Nice work and good of you to restore the car and keep it in the family. The Scorpion/Montecarlo (I own a 77) is indeed underrated, one reason being that the US version with its 81 hp and 1800 cc engine was woefully inadequate. The 2 L Euro version made 120 hp and with that as a basis you can easily bump the power up to 150-160 hp with no turbo. That’s what I have, a 155 hp 2 L and believe me, it moves! Brakes were another issue back then, but you can solve that my upgrading to larger brakes and add larger wheels and tire while at it. Since the car is vastly Fiat based, nearly ALL mechanical components are readily available and affordable at regular Fiat suppliers. You can even get a full 2 L engine for reasonable money. For more exclusive parts (body), The Monte Hospital in the UK has it all. As for workmanship, one question: is it worse than other 70s cars? I don’t think so. Have you seen a Pinto or a Vega lately? If you own a Scorpion/Montecarlo, you can also fit a longer 5th ratio gearset which drops RPM by 700 for relaxed highway cruising. I designed the set and had it made in Italy and it is now sold by The Monte Hospital (montehospital.net). It works perfectly well and is relatively easy to fit without removing engine or transmission. Another plus for the Scorpion is a front trunk larger than any 2-seater sports car I have seen. Properly adjusted and fitted, it handles very well (ran Sebring with it), is comfortable (great seats) and looks gorgeous. If Fiat had taken the time to properly develop the car back then, this would have been a worthy successor to the X1/9. Mine can give the Miata a run for its money (I know because I also own a 1990 Miata). Check it out on auto-historia.ca (Squadra Topolino)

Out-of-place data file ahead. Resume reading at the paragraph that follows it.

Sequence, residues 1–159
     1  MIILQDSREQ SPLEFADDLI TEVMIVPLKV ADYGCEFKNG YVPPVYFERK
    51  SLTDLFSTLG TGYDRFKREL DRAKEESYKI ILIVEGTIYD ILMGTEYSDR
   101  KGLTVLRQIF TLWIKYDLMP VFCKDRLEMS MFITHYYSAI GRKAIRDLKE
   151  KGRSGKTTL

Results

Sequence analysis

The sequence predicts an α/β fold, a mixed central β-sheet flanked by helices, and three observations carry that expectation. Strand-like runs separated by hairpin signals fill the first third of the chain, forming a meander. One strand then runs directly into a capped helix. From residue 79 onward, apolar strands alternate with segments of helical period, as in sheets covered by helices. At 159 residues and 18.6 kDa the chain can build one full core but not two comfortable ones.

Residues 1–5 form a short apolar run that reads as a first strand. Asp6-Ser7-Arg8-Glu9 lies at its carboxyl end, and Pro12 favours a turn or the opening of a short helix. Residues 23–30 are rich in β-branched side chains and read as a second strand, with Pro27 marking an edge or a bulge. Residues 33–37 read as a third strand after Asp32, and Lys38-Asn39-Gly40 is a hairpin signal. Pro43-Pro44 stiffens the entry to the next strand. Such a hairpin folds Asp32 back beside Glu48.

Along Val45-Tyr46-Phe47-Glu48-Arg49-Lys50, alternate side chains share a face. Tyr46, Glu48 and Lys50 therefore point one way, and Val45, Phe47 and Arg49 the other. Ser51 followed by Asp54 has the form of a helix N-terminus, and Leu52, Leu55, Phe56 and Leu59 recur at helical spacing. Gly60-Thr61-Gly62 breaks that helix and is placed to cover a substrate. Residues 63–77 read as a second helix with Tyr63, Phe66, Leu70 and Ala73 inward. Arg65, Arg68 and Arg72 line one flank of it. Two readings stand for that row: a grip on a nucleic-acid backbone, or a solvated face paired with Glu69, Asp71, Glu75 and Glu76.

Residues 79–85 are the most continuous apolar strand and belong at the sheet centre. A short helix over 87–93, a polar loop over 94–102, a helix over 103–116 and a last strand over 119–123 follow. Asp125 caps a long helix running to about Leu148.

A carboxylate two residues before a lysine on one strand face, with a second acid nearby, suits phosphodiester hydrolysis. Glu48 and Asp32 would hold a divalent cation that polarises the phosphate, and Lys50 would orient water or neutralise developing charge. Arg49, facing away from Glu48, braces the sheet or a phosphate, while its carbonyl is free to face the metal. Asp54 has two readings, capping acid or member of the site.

Linda N Brian Schick
Linda N Brian Schick(@sparkey60)
6 years ago

Lancia made some pretty and interesting cars back in the 70’s and 80’s but it’s a shame that most were junk.

Steve Perry
Steve Perry(@fb_604006259)
6 years ago

I had a girlfriend in 1980 who had one. I drove it quite a bit and was underwhelmed. I had owned a Fiat 124 sport coupe which I thought was quicker and handled about as well. I remember being none too overwhelmed, but saying that today. I do love the styling and would enjoy a romp in one again.

Per Eldh
Per Eldh(@per)
6 years ago

Few knows it started life as the Fiat X1/20 but eventually became a Lancia branded car.
(Some people actually even think that twincam motor is a ‘Lancia’ while it’s Fiat all the way – badge engineering even then, but the other way around!)

Juan Manuel Tastzian
Juan Manuel Tastzian(@jmtast)
6 years ago

Really nice car! And the wheels make me think of the one’s in the F40, I find them quite similar 😀

Guitar Slinger
Guitar Slinger(@gtrslngr)
6 years ago

Is the Lancia Beta Scorpion/Monte Carlo ….. under rated ? Hmmm . Well …. in some ways [ fun factor / design / overall practicality for a mid engined car etc… its leading up to the 037 etc ] … yes .. it has been severely under rated . In other ways though [ reliability , lack of quality materials and workmanship , poor engineering , pretentious parts bin roots ] … No it has not !

As for the 4C though …. well … hate to be the bearer of bad news … but it is seriously and I do mean seriously over rated in each and every way shape and form . But you’re correct on one point . Being yet another disparate [ and pretentious ] parts bin special from those fine folks in Turin …. the 4C is pretty much the spiritual successor to the Scorpion/Monte Carlo … in all the wrong ways …. all bets being you’ll own the 4C for 36 months or less before selling …. 😉